How does XRF work?
XRF is an acronym for X-ray fluorescence spectroscopy. XRF is a non-destructive analytical technique used to determine the elemental composition of materials. Handheld XRF analyzers work by measuring the fluorescent (or secondary) X-rays emitted from a sample when excited by a primary X-ray source. Each of the elements present in a sample produces a set of characteristic fluorescent X-rays, or “unique fingerprints”. These “fingerprints” are distinct for each element, making handheld XRF analysis an excellent tool for quantitative and qualitative measurements. Ready to learn more? Request a demo to speak with a member from our team.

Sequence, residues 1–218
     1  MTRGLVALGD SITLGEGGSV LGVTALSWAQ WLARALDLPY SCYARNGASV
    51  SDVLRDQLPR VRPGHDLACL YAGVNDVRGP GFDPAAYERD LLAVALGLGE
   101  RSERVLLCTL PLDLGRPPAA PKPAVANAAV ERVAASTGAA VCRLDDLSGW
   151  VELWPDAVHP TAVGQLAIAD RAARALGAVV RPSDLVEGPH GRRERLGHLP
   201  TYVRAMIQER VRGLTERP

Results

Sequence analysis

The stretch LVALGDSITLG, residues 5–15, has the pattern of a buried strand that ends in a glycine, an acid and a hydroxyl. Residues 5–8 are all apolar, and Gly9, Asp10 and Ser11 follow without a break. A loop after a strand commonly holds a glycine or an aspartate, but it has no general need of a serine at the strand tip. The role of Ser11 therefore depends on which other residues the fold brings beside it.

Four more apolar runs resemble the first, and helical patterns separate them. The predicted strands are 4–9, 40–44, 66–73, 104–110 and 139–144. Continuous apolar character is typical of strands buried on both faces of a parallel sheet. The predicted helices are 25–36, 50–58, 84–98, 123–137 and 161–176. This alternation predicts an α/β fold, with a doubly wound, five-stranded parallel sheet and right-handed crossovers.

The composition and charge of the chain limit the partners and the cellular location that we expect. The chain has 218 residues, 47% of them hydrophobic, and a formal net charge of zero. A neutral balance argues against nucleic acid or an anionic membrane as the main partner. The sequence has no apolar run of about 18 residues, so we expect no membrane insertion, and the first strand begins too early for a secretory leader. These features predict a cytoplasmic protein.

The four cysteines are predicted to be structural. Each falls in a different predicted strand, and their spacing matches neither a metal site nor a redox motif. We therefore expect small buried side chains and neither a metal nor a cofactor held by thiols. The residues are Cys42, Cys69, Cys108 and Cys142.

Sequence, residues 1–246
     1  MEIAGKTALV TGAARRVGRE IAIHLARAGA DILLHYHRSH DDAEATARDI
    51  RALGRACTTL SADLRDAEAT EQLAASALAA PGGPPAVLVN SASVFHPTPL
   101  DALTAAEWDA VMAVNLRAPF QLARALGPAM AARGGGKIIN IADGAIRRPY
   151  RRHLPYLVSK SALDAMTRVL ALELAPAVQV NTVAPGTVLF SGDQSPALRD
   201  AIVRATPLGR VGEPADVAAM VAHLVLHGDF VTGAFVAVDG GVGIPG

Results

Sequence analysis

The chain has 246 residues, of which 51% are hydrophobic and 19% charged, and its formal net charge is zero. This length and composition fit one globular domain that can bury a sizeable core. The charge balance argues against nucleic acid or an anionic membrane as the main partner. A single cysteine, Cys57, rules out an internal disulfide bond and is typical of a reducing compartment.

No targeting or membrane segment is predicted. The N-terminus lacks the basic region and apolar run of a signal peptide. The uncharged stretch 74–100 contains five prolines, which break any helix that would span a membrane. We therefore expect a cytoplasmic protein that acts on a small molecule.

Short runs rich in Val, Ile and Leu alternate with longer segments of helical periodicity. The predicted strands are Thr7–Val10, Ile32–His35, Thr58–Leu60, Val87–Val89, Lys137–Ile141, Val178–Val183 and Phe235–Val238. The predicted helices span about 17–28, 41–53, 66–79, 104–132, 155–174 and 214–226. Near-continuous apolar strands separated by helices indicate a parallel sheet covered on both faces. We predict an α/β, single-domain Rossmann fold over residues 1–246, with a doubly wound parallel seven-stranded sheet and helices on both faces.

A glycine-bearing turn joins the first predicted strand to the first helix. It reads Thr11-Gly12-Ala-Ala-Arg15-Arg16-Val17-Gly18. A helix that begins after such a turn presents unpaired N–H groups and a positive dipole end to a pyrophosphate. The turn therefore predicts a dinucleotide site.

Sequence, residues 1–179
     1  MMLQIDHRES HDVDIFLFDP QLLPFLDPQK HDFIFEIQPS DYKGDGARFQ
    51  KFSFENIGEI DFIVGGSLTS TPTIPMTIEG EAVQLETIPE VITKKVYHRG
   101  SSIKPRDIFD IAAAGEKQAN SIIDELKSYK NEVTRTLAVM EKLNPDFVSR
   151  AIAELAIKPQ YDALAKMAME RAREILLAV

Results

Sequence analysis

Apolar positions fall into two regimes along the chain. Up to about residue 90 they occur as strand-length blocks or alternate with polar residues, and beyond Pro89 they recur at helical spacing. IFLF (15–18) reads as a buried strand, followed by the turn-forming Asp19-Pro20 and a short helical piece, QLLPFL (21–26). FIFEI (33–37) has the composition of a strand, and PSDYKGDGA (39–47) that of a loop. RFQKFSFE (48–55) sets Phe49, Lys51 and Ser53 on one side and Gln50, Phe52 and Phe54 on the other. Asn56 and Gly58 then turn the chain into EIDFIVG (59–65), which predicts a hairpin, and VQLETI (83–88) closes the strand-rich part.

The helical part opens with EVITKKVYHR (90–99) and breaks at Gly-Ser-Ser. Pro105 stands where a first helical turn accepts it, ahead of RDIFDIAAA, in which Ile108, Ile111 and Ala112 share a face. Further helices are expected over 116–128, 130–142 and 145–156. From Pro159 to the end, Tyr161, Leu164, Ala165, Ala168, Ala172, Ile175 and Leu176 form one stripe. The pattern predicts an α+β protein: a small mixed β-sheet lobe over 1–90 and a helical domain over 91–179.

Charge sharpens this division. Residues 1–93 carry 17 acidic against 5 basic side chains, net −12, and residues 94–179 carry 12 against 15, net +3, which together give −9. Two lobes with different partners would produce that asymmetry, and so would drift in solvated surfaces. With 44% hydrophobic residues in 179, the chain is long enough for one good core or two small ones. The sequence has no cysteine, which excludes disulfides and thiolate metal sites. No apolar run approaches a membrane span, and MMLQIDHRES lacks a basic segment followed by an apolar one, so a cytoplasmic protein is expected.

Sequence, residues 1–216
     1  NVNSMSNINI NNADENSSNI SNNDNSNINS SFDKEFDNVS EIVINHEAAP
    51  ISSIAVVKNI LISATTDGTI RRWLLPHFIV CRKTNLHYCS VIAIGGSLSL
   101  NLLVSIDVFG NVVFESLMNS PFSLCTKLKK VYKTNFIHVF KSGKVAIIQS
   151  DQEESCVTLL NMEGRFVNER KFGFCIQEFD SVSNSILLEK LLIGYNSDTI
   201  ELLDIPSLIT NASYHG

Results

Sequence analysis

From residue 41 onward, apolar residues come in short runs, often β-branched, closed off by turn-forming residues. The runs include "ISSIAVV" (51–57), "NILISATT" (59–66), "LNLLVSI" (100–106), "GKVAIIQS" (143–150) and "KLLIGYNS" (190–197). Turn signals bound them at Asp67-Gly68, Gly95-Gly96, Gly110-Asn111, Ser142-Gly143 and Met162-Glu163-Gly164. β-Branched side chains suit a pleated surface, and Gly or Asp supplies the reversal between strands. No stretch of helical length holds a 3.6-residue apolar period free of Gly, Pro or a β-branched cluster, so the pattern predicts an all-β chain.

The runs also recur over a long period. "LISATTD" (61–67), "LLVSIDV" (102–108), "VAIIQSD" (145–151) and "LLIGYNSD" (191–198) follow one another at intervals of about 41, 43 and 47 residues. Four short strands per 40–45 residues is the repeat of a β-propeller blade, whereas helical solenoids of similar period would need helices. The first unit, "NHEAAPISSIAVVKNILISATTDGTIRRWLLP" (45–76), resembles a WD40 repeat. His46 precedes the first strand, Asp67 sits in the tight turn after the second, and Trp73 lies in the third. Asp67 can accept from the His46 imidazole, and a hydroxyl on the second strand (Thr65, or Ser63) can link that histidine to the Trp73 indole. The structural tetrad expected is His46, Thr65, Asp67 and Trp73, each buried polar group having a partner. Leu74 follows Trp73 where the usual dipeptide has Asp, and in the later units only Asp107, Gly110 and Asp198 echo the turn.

Step-by-step XRF analysis
- X-rays are produced by the analyzer and pointed at a sample surface.
- The energy causes inner-shell electrons to be ejected.
- Outer-shell electrons fill the vacancies left by the ejected electrons and fluorescent x-rays are emitted.
- The fluorescent x-rays enter the detector and send electronic pulses to the preamp.
- The preamp amplifies the signals and sends them to the Digital Signal Processor (DSP).
- The DSP collects and digitizes the x-ray events and sends the spectral data to the main CPU for processing.
- The CPU analyzes the spectral data to produce detailed composition analysis.
- Composition data and other grade or value identification are displayed and stored in memory for later recall or download to an external PC.
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